ERGs can and do establish comfort levels in the workplace where LGBT employees find it easier to be themselves, with no need to lie about their personal lives or mislead coworkers as to who they really are. In a more casual setting, such as corporate-sponsored employee-appreciation days, LGBT employees would be encouraged to bring their partners without fear of having to explain themselves to those with whom they work closely. Even the freedom to put a picture of a partner on one’s desk helps LGBT employees feel as included as their other coworkers. This forms deeper relationships and breaks down barriers to understanding. Being open in the workplace makes employees more productive, less stressed and more willing to share their ideas without worry of rejection based on their orientation or gender identity, which leads to better collaboration all around.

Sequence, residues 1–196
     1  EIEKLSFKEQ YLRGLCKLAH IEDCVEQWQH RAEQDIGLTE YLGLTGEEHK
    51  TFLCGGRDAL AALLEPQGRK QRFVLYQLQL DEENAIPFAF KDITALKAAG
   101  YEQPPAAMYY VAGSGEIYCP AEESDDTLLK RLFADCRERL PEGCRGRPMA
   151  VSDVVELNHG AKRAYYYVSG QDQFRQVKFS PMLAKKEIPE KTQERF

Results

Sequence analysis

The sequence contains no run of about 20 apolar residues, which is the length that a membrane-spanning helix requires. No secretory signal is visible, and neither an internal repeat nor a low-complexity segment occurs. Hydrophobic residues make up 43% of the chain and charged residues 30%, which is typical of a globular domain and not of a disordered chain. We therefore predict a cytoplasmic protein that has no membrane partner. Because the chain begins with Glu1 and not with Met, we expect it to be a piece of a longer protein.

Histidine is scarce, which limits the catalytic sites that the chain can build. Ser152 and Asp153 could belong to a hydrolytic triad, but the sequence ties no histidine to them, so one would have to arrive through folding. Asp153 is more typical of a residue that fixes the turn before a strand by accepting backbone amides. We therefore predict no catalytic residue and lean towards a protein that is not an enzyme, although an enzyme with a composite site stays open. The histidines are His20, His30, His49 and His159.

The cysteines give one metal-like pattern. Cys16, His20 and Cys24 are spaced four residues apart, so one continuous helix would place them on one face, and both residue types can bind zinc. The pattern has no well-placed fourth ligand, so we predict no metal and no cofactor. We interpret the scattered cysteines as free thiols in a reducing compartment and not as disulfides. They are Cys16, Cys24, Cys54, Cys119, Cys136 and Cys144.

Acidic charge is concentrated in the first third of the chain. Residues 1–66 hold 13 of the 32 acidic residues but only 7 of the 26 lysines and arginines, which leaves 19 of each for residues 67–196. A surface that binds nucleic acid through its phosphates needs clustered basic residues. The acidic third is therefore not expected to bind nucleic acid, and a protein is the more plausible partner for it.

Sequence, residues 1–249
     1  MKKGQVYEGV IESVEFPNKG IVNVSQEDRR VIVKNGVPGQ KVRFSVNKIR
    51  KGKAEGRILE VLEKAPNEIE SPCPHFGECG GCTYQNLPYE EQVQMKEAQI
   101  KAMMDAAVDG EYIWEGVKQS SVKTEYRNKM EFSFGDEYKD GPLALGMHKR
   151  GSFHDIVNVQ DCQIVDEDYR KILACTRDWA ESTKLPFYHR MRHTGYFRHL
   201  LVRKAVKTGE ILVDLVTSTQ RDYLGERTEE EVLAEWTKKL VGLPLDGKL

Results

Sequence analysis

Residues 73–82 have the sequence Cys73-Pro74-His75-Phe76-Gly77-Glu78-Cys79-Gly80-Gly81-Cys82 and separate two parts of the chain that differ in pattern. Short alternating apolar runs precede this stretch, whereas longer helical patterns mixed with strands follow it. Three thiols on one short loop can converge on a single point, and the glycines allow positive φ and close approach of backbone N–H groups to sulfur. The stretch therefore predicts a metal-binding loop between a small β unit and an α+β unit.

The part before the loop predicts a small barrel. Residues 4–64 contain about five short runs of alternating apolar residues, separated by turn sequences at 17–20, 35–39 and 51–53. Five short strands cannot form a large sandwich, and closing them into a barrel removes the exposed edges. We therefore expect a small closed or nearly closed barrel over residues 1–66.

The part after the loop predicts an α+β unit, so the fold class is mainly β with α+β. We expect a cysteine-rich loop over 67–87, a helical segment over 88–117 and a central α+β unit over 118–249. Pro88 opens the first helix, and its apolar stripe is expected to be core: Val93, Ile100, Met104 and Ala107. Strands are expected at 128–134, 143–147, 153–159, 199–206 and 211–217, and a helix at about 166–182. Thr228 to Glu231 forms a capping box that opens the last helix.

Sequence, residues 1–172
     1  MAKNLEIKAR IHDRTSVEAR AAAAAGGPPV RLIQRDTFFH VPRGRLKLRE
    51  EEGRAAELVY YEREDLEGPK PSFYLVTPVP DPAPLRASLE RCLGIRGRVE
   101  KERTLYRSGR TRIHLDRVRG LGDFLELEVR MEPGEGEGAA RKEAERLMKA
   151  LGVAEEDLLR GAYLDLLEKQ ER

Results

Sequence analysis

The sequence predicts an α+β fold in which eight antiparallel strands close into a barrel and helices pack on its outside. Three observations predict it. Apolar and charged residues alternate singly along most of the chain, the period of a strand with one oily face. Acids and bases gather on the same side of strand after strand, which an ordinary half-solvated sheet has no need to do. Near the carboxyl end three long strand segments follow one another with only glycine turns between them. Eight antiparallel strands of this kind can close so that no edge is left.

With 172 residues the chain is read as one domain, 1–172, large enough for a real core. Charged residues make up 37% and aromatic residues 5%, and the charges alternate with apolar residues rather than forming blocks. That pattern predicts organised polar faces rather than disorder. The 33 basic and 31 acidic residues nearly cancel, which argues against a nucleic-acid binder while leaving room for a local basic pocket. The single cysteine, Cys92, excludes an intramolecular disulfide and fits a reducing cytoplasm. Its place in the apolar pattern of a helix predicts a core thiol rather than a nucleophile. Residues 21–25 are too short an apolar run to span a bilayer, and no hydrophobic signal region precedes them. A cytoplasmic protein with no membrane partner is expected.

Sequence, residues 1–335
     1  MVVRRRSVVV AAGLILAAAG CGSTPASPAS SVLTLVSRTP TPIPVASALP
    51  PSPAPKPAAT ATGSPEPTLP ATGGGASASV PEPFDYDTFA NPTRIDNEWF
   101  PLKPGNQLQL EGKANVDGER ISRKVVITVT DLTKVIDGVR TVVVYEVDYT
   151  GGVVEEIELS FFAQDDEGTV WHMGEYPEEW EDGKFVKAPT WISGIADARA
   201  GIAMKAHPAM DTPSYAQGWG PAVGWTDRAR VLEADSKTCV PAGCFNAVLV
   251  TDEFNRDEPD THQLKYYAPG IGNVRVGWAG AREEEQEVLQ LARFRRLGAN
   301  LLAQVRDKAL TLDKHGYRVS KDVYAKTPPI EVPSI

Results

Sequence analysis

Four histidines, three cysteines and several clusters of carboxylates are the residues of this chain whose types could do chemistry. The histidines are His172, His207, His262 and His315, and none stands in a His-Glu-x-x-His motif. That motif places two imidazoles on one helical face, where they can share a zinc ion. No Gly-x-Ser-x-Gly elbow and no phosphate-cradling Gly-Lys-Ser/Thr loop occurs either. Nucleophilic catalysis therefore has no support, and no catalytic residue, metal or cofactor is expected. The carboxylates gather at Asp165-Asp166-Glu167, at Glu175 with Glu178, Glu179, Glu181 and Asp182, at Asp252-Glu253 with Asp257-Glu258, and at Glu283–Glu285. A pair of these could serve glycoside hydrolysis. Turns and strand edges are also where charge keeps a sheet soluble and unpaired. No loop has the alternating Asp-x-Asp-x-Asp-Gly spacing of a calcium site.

LGBT-focused employee-resource groups have a lot of potential to impact their workplace environments in a positive way. While nationally we have made progress in recent years, it’s at the local level where we see firsthand how that progress impacts real people. Businesses both big and small would do well to show their employees they’re on the right side of history, and ERGs are one of the most strategic and beneficial ways to do that. If your company doesn’t already have one you can join, talk to your HR representative and see if there’s room in your organization for such a group. We spend a lot of time at work, so why not make it a place where we continue the fight for LGBTQ equality?